RWC puts the case for green plumbing technologies

RWC puts the case for green plumbing technologies

With a requirement to deliver safe, energy efficient, and long-term environmentally-friendly buildings that can withstand the tests of time, Martin Nicholson, Divisional Director of Specification at RWC, outlines how green plumbing technologies can lay the foundations to create the sustainable new builds of the future.

If we want to build truly greener homes and commercial dwellings, we need to consider first and foremost what goes on behind closed walls. Relying on plumbing technologies that are fast to install, minimise the risk of costly leaks, and are easy to maintain in the long run is essential to keeping costs down and ensuring that the occupants of the building face minimal disruption should maintenance be required.

However, with energy costs rising at a worrying pace, and legislation, such as Part L of the Building Regulations, aiming to reduce the UK’s carbon footprint, we need to ensure that our plumbing technologies are becoming more and more green.

There are the obvious options of planning low-flow toilets, installing solar panels or usage meters, but one would argue that we need to start by making the plumbing that feeds into these systems as efficient as possible. If our plumbing technologies are efficient, by minimising the waste of water and heat in our systems, we are able to reduce the quantity of natural resources required to supply water to a building or heat it at the source.

When it comes to plumbing, the three most common factors that cause wastage are leaks, temperature control, and inadequate installation. If we can plan plumbing technologies that control potential damage before it even occurs, we are one step closer to truly greener builds.

RWC outlines how green plumbing technologies can lay the foundations to create the sustainable new builds of the future.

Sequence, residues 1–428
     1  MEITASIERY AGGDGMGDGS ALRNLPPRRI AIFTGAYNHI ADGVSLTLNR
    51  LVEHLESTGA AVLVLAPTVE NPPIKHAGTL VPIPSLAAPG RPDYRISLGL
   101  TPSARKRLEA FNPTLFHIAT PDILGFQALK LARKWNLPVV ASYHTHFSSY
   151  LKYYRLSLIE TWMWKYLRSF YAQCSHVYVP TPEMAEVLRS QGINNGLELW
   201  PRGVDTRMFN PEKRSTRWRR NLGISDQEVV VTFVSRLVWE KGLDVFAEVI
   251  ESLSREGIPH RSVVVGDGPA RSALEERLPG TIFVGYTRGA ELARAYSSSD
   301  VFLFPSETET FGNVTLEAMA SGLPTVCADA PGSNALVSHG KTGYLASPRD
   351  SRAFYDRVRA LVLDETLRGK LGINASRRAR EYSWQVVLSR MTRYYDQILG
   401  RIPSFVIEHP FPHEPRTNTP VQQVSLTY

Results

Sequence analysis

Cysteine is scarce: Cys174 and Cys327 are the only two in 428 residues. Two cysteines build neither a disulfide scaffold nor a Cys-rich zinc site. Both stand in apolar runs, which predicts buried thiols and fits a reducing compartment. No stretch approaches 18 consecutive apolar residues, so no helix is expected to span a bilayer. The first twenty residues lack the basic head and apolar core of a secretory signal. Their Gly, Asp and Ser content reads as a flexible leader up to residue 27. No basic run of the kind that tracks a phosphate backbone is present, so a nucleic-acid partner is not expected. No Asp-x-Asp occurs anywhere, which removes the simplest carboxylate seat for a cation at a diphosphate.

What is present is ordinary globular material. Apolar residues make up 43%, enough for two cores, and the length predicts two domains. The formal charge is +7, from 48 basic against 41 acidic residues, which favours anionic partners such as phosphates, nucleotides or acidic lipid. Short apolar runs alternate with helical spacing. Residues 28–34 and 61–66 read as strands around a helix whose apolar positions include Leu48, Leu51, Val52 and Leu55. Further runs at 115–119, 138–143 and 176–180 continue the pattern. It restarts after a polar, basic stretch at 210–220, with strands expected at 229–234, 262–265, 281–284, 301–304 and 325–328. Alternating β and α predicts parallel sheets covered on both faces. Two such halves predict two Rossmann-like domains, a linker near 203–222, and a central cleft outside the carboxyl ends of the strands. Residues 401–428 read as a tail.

Here, we need to consider what goes on behind the walls. The number one enemy of green plumbing, leaks are not only incredibly hard to detect, they can cause vast structural damage and lead to huge water wastage and in turn to rising energy costs. Not to mention the disruption and financial burden repairs can cause if walls need to be opened up to fix a leaky pipe or fitting.

A staggering £930 million is paid out by insurances for water damage in the UK every year, and with an estimated 43% of building owners experiencing leaks, damage control is vital. Simply put, leaks are every building owner’s nightmare.

Preventing leaks from appearing long before they can cause any real damage is easy with RWC’s Reliance Valves MultiSafe Leak Detector Control Valve. This smart plumbing technology sends an alert when unusual water fluctuation is detected, and automatically shuts off the water supply.

It is also capable of detecting when even very small amounts of water continue to leak over time, allowing micro leaks to be stopped before they can cause costly damage to the building. This translates to huge water and energy savings, making the plumbing system significantly more sustainable, while also earning projects extra BREEAM points, making them an attractive and eco-friendly investment.